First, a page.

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Putting the “Toddle” Back in “That Toddling Town”

 

Postcard designed and sold by appshop.

The “toddle” was a jazz dance step that became popular across the nation just in time for the Roaring Twenties. And Chicago became known as “that toddling town” thanks to the lyrics of Fred Fisher’s 1922 song “Chicago (That Toddling Town).” While many still know Frank Sinatra’s famous cover version of that song, the dance step has largely been forgotten.

In a 1921 South Bend News-Times article, dance teacher Arthur Murray describes the toddle as having the “delightful abandon so characteristic of everything American.” According to Murray, the toddle was similar to the shimmy but without the shoulder shakes. It also bore a resemblance to the fox trot but with an extra bounce added to the steps.

Songwriter Fred Fisher was not the first to associate the toddle with Chicago. A variation of the toddle, which focused on movements of the hips rather than the feet, was called “the Chicago toddle” or simply “the Chicago.” In 1921, a print advertisement from Chicago-based Melrose Bros. music publishers touted their song “Take It Easy” as “the toddle tune from toddle town.”

Dancers taking a break in between songs at the Morrison Hotel. Postcard publisher is unknown.

The toddle was popular among college students and flappers alike. And like many other popular trends of the era, the toddle was not immune to controversy. The Chicago Public Schools and some local colleges banned the dance at school functions. Evangelical Christian preacher Billy Sunday spoke out against the toddle and other contemporary dances of the time, calling them vulgar and indecent. But the popularity of the dance persisted, as memorialized in another line from Fred Fisher’s song that refers to Chicago as “the town that Billy Sunday couldn’t shut down.”

In 1997, Chicago Tribune columnist March Schmich asked everyone from personal acquaintances to people on the street to an English professor and a music librarian what the word “toddling” meant in the famous song about Chicago. Nobody she asked knew the definitive answer, as she later described in an article on the subject. Luckily, readers who were old enough to remember the toddle dance step wrote in to the paper to set the record straight, making sure that Chicagoans didn’t forget their toddling roots.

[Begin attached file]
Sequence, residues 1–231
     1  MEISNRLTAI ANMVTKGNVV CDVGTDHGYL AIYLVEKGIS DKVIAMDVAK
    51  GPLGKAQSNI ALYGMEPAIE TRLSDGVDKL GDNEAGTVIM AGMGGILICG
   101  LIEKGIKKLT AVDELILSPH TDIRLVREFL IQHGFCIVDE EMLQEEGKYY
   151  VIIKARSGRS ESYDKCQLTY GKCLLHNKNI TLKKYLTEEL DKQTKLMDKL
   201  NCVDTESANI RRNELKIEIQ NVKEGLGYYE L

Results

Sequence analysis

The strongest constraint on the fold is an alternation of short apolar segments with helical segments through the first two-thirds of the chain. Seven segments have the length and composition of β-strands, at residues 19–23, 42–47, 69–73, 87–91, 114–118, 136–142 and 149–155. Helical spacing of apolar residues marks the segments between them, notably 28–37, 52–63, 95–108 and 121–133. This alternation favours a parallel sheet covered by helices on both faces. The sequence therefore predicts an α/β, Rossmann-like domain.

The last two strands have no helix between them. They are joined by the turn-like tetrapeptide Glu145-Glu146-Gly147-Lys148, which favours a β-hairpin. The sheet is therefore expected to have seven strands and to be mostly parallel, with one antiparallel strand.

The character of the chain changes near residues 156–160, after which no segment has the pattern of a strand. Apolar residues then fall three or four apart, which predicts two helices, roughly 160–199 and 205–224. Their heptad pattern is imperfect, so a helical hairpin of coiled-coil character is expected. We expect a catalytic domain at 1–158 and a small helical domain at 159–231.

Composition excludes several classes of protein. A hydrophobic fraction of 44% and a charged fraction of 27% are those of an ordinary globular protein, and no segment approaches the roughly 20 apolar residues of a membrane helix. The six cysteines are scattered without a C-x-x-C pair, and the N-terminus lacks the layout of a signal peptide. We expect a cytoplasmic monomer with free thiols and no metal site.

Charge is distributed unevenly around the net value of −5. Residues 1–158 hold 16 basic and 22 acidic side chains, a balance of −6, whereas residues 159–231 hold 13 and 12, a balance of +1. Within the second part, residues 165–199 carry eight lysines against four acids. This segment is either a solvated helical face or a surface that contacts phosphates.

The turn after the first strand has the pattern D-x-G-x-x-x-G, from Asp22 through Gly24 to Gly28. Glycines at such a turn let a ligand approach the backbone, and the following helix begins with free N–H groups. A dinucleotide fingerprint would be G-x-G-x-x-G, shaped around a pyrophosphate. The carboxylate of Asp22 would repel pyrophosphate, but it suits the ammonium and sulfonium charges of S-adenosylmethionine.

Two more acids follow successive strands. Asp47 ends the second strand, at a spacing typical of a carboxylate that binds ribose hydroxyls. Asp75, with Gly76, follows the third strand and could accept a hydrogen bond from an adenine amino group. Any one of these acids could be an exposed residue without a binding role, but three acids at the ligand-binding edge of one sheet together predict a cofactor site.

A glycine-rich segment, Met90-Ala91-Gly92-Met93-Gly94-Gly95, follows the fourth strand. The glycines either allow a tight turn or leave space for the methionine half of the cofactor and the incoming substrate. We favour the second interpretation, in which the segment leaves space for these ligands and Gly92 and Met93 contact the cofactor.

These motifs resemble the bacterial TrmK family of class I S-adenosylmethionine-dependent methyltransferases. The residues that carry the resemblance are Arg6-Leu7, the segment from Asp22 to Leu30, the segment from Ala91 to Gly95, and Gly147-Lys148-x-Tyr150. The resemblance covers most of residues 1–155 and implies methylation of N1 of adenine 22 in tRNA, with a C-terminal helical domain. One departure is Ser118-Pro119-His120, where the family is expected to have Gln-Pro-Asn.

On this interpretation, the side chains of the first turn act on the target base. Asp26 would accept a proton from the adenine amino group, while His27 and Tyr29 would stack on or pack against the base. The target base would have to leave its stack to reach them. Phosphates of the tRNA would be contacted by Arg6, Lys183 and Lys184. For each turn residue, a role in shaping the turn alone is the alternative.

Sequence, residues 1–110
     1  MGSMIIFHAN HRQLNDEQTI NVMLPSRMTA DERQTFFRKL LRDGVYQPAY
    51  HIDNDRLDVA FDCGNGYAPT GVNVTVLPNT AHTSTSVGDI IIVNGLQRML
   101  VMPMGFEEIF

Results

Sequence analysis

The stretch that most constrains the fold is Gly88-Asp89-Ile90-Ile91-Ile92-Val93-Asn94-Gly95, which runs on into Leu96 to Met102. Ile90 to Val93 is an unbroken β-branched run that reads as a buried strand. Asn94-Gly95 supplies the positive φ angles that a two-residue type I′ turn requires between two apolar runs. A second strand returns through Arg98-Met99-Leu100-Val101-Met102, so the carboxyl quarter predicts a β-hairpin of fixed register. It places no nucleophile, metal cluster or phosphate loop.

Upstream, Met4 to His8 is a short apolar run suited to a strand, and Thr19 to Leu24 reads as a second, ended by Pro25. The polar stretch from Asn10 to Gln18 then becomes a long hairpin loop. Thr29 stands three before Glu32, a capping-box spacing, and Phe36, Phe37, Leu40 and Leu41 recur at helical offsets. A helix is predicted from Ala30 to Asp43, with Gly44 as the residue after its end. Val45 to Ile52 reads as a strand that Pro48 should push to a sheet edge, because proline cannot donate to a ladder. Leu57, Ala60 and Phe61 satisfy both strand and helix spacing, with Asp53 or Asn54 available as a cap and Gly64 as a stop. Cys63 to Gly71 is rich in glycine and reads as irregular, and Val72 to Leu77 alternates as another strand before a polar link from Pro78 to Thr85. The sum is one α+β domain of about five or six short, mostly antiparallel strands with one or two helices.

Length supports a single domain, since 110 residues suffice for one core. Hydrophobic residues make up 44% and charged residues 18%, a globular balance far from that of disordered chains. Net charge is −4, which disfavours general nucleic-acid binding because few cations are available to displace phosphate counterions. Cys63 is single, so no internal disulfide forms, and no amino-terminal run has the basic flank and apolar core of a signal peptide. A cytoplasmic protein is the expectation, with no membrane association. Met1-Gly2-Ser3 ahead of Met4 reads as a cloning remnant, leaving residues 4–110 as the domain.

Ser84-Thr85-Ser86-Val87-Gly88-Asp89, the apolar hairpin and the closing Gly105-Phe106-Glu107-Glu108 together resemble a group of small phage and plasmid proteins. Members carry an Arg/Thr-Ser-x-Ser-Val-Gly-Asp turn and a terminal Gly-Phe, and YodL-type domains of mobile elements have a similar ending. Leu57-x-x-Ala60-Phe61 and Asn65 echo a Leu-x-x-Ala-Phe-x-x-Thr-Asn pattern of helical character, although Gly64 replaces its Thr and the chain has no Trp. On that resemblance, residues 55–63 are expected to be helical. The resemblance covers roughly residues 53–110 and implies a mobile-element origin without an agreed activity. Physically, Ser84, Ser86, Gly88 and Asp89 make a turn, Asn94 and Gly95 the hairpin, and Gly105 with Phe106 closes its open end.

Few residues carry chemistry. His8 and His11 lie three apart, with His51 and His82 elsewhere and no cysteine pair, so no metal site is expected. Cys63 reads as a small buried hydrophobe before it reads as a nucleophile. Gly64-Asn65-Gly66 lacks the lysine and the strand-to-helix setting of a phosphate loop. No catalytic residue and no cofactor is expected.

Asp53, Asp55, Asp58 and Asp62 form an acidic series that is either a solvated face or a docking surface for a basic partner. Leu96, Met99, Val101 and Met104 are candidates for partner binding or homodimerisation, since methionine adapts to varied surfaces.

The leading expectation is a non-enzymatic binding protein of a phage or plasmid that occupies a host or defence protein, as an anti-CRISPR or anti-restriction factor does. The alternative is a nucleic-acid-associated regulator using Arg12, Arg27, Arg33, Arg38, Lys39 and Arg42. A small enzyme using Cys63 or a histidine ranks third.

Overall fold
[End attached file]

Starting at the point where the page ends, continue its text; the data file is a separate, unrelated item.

By Emily Ruzich

 

Sources:

Monica Eng, “The Cha-Cha Slide and More: Which Dances Were Invented in Chicago?” Curious City podcast (August 31, 2019),

 Peter Jensen Brown, “Gimme a Shimmy, Hold the Shiver: Why Chicago Was a ‘Toddling Town.’” Early Sports and Pop Culture History blog (April 25, 2016), https://esnpc.blogspot.com.

Sonny Watson’s SweetSwing.com

Kimber Rudo, “Arthur Murray describes ‘How to Dance the Toddle’ to The South-Bend News Times.” Fascinating Rhythms: A Collation of Primary Sources blog. https://daletremont.com.

Mary Schmich. “A Toddlin’ Town Without a Clue, But Right Nonetheless.” Chicago Tribune (June 18, 1997).

Mary Schmich. “Town Eventually Toddles to Right Conclusion.” Chicago Tribune (June 25, 1997). 

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